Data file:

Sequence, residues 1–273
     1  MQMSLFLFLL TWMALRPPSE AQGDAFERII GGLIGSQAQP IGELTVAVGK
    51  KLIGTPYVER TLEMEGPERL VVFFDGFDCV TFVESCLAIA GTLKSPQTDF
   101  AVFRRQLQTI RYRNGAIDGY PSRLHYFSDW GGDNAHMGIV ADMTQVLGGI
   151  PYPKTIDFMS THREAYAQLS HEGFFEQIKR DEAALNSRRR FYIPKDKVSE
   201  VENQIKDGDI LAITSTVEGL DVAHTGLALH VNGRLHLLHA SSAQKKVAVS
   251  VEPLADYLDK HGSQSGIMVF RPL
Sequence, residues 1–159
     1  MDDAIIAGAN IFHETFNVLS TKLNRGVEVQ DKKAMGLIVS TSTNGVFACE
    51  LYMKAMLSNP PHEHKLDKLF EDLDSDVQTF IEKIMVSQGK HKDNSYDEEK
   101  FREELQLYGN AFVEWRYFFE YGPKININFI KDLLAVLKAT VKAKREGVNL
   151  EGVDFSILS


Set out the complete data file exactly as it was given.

Sequence, residues 1–273
     1  MQMSLFLFLL TWMALRPPSE AQGDAFERII GGLIGSQAQP IGELTVAVGK
    51  KLIGTPYVER TLEMEGPERL VVFFDGFDCV TFVESCLAIA GTLKSPQTDF
   101  AVFRRQLQTI RYRNGAIDGY PSRLHYFSDW GGDNAHMGIV ADMTQVLGGI
   151  PYPKTIDFMS THREAYAQLS HEGFFEQIKR DEAALNSRRR FYIPKDKVSE
   201  VENQIKDGDI LAITSTVEGL DVAHTGLALH VNGRLHLLHA SSAQKKVAVS
   251  VEPLADYLDK HGSQSGIMVF RPL
Sequence, residues 1–159
     1  MDDAIIAGAN IFHETFNVLS TKLNRGVEVQ DKKAMGLIVS TSTNGVFACE
    51  LYMKAMLSNP PHEHKLDKLF EDLDSDVQTF IEKIMVSQGK HKDNSYDEEK
   101  FREELQLYGN AFVEWRYFFE YGPKININFI KDLLAVLKAT VKAKREGVNL
   151  EGVDFSILS